Cobb said the deeper bite is better away from the rivers and out on the main body of the lake, but there also is a deep bite up around Clemson.
“It’s more spots if you are fishing the center part of the lake, but I think it could be won anywhere,” he said. “Whoever finds the type of water they are comfortable fishing, the type of cover they like to fish, should do well.”
Fowler agreed that a combination strategy will be key. Heavy winter rains could bring the lake level up and push more fish — and anglers — to the banks, Fowler said. With the lake already higher than it was in 2008, docks and other shoreline structure will play a much bigger role.
“If we get a good winter rain and the lake comes on up, that will bring more fish up and spread that population out from deep to shallow,” Fowler said. “The bluebacks will be shallow in the creeks, and it is no secret that they can catch the bass early in the mornings in the backs of the creek runs.”
Fowler said some anglers weighed in some good limits that they caught shallow on a jig the first day of the 2008 tournament, then that bite fell off.
“Now, some of the guys who do that will be a little more consistent with that bite. Somebody will do well fishing a jig, whether it is deep or shallow,” he said. “With the electronics we have today, somebody can go out in 30 to 40 feet of water and catch some good spots, then go catch a good largemouth off a dock. Somebody doing a mixture of tactics will likely win it.”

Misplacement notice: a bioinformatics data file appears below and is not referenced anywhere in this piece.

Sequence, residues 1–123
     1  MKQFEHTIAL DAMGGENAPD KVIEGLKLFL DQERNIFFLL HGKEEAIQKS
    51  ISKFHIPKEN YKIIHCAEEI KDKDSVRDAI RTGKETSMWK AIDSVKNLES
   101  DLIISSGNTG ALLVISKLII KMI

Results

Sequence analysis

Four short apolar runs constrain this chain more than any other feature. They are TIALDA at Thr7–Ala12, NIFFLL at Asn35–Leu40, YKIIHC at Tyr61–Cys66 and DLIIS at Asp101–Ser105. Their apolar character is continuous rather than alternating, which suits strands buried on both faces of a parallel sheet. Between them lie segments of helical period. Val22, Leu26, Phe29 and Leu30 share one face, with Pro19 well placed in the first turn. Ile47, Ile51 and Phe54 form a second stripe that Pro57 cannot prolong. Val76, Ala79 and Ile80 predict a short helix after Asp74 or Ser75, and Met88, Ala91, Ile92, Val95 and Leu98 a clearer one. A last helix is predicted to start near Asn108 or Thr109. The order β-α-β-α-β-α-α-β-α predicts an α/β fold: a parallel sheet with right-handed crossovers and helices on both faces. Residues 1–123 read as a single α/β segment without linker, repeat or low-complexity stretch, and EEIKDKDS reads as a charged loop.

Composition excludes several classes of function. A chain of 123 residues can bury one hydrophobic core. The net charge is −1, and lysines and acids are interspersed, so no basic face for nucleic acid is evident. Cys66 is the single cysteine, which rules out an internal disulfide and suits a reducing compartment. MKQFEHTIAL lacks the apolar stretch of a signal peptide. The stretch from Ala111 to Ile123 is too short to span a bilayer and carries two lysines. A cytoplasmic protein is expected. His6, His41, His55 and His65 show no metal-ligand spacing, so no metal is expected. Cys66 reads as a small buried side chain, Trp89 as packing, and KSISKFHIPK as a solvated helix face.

Fowler said he said he would fish both the main lake and the creeks.
“I know enough about Lake Hartwell that it would not take me long to figure out if I needed to stay in a particular area or move to another spot. But, I would mix it up,” said Fowler. “If things were not working and I needed a back-up plan, I’d go down the banks and fish docks and other stuff with a shakey head and drop-shot. You can get a decent catch that way if you are trying to get a limit.”
Whoever wins later this month should weigh in three days of quality bass, very likely even heavier what Jones caught in 2008.
“Both species are really healthy, and that time of year, they are the healthiest they will be all year. The biggest bags are caught between January and March on Lake Hartwell,” Fowler said.
Ironically, Jones will not get the chance to improve on his 3 1/2-pound average from 2008. He failed to qualify for only the fourth time since he fished his first Classic in 1996.
2015 Bassmaster Classic Information
DATES — Feb. 20-22.
WHERE — Competition will take place on Lake Hartwell. Daily launches will be at 7:15 a.m. at the new Green Pond Landing, 470 Green Pond Rd., Anderson. Daily weigh-ins will be at Bon Secours Wellness Arena in Greenville. Doors will open at 3 p.m. The Bassmaster Classic Expo will be held at Feb. 20-22 at the TD Convention Center in Greenville.
ACCOMMODATIONS — Crown Plaza, Greenville, 877-834-3613; Clarion Inn and Suites, Greenville, 864-254-6383; Hampton Inn, Greenville, 864-516-2400; Courtyard Marriott Haywood Mall, Greenville, 864-234-0300; Sleep Inn TD Convention Center, Greenville, 864-672-2015.